How to Prevent BYOD Breaches

For companies leveraging mobile device technology, robust security measures are critical to protecting connected ecosystems.

Fifteen years ago, IT departments considered it their job to determine which PCs and laptops — and even which newly released smartphones and tablets — to issue to business users. Then came the bring-your-own-device trend.

Employees liked the convenience of using their own devices for work, and felt it increased their productivity. In most cases, companies cut costs when they no longer needed to purchase mobile devices for staff. 

IT leaders recognized those advantages, but also the management and security risks that emerge when staff use their own devices to access the corporate network, business-critical applications or sensitive data. By 2014, the U.S. BYOD market was valued at nearly $30 billion and was expected to grow more than 15 percent a year through 2022, according to Global Market Insights. The majority of respondents to a Bitglass survey (85 percent) use their own devices at work. 

Yet 30 percent of IT pros still have security concerns, citing data leakage, unauthorized data access, inability to control uploads and downloads, lost or stolen devices, and malware as top concerns. And the same percentage say the leading inhibitor of BYOD is company security concerns.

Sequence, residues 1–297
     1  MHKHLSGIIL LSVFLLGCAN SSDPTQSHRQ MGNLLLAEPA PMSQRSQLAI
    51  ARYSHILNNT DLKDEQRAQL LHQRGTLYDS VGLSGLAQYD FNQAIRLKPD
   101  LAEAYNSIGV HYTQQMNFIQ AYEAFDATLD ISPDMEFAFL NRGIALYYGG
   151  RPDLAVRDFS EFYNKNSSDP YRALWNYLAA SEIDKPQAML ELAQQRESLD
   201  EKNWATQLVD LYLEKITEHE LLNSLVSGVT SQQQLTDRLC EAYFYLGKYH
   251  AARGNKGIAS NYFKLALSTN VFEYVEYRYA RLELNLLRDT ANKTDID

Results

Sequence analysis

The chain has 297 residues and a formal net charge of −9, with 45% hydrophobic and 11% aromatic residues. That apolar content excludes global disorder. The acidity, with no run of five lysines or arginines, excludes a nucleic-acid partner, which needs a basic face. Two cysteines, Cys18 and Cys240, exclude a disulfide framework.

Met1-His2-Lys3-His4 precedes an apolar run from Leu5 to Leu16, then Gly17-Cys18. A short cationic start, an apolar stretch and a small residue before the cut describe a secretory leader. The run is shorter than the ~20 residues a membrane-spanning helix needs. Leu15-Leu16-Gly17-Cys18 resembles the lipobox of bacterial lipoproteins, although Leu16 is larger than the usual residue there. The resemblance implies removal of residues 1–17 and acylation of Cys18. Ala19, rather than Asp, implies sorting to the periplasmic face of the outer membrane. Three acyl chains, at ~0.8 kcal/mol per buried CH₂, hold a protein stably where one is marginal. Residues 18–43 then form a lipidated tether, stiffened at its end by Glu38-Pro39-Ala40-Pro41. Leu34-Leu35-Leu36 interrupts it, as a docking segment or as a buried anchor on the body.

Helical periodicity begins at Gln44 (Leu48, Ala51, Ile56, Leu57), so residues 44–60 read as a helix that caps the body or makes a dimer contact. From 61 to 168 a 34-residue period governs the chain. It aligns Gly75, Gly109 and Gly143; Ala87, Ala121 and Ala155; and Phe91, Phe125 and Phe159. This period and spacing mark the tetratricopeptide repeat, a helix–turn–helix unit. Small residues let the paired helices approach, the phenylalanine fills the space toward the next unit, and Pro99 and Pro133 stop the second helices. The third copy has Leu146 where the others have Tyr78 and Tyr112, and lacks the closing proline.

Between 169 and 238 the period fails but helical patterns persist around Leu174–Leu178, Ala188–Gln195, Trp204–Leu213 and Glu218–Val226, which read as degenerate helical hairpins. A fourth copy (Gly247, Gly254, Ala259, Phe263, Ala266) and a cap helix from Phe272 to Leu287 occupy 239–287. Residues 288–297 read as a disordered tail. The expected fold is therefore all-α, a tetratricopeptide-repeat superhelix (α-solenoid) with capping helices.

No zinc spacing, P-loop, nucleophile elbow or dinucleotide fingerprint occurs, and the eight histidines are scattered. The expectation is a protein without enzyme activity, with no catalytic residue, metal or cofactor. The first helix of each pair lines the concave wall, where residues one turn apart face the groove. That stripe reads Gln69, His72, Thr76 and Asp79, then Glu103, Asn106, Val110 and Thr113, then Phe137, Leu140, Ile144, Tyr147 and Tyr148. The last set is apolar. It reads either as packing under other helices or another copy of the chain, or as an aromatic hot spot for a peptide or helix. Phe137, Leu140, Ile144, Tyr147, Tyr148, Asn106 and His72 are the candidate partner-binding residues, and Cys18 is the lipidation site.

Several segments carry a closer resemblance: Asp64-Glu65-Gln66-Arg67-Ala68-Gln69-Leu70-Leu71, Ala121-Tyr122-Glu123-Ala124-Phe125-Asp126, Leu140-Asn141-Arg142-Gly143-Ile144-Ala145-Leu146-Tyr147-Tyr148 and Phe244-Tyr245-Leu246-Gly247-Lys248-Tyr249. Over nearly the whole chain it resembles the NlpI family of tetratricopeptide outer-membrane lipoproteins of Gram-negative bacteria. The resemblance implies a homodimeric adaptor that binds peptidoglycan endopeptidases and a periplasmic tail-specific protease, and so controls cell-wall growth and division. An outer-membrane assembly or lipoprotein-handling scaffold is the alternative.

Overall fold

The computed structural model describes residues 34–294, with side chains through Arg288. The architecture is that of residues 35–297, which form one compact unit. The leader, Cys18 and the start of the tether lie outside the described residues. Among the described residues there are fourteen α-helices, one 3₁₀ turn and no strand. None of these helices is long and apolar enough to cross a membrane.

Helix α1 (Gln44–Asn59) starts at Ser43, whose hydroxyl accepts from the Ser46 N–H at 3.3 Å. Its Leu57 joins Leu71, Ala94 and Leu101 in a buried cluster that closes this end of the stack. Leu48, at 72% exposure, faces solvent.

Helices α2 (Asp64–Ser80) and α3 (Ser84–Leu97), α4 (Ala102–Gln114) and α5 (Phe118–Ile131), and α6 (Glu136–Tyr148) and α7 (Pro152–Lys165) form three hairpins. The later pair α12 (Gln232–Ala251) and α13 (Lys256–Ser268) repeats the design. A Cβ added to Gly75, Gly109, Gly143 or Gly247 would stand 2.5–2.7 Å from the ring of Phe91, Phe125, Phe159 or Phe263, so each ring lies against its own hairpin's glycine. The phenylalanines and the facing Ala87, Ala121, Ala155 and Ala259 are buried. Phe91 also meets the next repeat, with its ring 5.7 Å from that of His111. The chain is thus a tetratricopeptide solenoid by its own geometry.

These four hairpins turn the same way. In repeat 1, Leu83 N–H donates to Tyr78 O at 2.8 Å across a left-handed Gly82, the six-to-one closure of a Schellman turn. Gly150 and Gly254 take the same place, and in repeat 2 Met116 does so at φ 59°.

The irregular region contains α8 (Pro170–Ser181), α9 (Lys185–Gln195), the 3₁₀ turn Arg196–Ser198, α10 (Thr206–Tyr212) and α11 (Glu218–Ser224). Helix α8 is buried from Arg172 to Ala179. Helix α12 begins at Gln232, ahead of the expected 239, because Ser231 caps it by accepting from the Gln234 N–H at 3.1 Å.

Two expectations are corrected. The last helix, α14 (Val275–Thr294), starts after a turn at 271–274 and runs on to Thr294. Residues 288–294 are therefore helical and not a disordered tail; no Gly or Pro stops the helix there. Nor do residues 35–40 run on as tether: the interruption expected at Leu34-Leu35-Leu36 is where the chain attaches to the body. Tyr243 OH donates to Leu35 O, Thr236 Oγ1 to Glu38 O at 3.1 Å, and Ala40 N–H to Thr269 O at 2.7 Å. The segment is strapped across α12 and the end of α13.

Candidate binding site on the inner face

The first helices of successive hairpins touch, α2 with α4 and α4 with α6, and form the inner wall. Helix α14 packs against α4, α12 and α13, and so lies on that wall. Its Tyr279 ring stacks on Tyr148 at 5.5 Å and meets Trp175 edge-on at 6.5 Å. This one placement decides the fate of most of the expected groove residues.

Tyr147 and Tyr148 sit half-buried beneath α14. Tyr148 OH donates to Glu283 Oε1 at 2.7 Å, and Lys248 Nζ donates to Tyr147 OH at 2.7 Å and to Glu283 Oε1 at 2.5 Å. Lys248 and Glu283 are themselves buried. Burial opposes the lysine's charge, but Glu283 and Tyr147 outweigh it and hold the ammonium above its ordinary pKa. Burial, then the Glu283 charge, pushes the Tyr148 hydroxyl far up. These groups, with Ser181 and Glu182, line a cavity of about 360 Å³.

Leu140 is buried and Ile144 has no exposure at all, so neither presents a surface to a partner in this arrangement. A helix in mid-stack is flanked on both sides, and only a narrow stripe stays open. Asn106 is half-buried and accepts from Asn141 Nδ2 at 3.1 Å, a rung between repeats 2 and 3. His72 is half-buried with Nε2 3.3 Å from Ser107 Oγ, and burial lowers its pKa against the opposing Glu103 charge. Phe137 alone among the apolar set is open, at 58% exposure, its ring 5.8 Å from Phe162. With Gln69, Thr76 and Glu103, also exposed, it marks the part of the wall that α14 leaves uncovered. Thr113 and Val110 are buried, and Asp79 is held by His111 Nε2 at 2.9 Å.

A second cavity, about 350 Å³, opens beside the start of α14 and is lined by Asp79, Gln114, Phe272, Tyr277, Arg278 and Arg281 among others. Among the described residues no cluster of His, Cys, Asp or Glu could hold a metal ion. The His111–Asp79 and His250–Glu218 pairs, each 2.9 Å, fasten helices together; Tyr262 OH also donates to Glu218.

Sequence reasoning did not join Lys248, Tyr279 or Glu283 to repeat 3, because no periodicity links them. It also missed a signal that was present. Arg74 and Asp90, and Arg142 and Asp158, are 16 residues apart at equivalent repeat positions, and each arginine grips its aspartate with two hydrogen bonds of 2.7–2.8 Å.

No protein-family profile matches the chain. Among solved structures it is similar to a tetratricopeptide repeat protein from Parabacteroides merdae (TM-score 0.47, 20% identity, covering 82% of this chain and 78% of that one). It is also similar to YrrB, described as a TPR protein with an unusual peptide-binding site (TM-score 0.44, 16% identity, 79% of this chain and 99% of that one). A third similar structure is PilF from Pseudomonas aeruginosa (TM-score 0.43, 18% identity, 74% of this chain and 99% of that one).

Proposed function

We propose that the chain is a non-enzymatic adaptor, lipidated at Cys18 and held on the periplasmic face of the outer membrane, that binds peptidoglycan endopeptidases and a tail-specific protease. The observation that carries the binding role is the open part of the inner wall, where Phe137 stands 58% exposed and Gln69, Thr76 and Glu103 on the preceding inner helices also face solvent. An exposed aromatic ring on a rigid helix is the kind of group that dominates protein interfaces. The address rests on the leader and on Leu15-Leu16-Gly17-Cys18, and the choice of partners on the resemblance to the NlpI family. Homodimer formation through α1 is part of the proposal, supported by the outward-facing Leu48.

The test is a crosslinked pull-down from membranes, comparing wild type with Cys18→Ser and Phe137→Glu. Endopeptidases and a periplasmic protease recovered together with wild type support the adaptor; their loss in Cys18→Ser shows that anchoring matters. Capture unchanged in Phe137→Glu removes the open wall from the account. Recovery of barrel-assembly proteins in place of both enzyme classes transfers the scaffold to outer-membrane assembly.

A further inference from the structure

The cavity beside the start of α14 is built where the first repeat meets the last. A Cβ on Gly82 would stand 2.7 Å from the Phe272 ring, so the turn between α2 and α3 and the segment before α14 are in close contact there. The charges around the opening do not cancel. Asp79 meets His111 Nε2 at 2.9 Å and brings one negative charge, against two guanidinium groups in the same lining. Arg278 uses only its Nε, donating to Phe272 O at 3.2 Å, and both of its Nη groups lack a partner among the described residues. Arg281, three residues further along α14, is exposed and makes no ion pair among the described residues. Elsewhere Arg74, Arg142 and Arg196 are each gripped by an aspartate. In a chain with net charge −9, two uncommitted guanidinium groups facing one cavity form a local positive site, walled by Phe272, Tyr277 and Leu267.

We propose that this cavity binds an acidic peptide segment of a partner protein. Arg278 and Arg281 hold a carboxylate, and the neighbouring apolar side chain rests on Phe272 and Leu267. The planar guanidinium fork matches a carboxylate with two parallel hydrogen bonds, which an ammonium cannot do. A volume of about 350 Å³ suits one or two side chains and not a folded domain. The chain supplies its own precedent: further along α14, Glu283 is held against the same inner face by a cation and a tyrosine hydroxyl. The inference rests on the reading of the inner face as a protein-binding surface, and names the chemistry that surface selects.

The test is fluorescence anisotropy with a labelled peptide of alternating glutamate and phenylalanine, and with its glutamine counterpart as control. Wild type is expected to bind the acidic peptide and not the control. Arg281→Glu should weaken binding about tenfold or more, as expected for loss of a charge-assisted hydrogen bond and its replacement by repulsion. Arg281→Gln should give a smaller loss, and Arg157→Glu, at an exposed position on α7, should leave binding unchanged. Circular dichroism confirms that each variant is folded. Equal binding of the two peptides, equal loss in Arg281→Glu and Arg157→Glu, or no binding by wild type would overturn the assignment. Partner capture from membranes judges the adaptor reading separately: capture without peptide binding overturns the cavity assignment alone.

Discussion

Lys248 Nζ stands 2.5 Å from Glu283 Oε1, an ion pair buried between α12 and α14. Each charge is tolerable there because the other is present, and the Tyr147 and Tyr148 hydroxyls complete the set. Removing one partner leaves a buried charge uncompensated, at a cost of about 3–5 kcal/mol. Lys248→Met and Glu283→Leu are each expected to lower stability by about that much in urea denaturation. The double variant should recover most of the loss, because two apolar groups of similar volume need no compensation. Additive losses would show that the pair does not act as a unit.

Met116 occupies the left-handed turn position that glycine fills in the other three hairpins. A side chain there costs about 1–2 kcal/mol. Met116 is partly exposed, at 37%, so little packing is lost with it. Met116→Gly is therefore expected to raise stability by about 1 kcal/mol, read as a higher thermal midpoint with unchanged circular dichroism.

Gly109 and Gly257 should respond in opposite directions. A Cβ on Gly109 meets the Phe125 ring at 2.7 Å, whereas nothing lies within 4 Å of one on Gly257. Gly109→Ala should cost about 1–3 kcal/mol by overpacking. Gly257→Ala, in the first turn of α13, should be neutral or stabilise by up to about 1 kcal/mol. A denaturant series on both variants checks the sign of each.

MORE FROM BIZTECH: Update your cybersecurity response plan before an attack occurs.

Cybersecurity Compliance Risk and BYOD 

BYOD introduces significant issues in meeting increasingly stringent regulations. The European Union’s General Data Protection Regulation, for example, requires the data controller to remain in possession of customers’ personal data, but that’s tricky when the data may be accessed from or stored on a device the company doesn’t own.

Compliance and privacy are top issues, says Wade Baker, associate professor of integrated security at Virginia Tech’s Pamplin College of Business and founder of Cyentia Institute, a cybersecurity research organization. “If an organization goes BYOD, they have to have some level of visibility on the device, as that causes some primary concerns,” he says.

Spencer Wilcox, executive director of technology and security at utilities company PNM Resources, recommends establishing a BYOD policy that answers the following questions: